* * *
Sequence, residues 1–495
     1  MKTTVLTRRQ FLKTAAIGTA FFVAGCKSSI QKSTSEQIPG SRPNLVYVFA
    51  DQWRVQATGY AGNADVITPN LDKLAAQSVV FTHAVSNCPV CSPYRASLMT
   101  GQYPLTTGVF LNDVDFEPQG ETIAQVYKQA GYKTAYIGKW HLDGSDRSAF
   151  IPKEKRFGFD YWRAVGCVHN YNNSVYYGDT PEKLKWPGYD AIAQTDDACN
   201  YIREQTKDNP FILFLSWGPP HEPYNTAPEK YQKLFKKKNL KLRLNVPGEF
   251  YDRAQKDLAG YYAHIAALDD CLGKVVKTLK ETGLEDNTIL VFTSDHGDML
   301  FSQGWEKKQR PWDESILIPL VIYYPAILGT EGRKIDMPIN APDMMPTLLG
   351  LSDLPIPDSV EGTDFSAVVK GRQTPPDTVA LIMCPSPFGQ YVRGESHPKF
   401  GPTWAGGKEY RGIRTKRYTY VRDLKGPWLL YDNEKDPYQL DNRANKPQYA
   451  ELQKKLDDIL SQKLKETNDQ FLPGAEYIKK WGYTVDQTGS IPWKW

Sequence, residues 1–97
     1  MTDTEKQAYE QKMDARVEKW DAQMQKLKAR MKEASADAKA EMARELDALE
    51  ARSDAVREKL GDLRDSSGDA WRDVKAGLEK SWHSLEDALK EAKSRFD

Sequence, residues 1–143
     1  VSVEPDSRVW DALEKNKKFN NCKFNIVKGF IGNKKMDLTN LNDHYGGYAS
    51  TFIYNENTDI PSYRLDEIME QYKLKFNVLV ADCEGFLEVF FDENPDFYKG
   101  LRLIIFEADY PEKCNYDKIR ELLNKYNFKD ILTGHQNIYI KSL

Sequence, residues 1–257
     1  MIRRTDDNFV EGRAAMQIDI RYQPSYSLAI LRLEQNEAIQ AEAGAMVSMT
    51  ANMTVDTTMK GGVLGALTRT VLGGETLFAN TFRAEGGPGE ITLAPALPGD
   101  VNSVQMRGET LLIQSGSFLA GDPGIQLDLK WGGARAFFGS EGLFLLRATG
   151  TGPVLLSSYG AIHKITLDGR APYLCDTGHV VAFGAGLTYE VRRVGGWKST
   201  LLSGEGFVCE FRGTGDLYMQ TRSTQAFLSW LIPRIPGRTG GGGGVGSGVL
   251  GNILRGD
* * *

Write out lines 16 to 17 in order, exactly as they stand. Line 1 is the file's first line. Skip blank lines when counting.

     1  VSVEPDSRVW DALEKNKKFN NCKFNIVKGF IGNKKMDLTN LNDHYGGYAS
    51  TFIYNENTDI PSYRLDEIME QYKLKFNVLV ADCEGFLEVF FDENPDFYKG